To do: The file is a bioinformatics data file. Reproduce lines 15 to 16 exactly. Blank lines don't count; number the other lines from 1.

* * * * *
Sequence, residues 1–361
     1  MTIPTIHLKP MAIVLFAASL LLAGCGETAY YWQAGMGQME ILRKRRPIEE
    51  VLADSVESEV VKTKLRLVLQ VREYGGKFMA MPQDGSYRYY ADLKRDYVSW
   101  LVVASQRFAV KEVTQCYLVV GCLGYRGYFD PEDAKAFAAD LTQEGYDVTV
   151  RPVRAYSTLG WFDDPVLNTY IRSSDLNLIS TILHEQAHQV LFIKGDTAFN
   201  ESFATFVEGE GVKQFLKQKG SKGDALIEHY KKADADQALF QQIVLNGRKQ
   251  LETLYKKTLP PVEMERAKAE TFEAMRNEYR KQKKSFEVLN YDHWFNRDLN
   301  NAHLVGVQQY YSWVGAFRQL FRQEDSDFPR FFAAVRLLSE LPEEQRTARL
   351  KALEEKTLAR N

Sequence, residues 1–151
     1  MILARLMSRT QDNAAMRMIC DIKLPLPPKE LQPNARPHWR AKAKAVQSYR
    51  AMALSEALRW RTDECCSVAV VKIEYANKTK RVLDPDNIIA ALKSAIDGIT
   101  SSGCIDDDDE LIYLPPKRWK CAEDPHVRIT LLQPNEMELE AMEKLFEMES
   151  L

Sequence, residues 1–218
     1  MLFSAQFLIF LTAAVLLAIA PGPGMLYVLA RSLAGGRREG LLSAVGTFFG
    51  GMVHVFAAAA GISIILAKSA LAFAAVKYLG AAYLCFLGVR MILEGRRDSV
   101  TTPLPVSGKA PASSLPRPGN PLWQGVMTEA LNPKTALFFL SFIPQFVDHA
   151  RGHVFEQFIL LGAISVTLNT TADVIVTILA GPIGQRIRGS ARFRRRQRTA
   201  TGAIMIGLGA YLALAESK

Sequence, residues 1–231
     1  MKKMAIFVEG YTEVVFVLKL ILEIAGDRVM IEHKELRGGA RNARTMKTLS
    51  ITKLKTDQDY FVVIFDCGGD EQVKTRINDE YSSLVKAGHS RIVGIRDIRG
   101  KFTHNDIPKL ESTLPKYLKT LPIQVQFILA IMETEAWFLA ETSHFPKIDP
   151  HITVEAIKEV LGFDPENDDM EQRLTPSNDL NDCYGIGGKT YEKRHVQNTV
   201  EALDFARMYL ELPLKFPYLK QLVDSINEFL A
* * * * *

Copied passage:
Sequence, residues 1–218
     1  MLFSAQFLIF LTAAVLLAIA PGPGMLYVLA RSLAGGRREG LLSAVGTFFG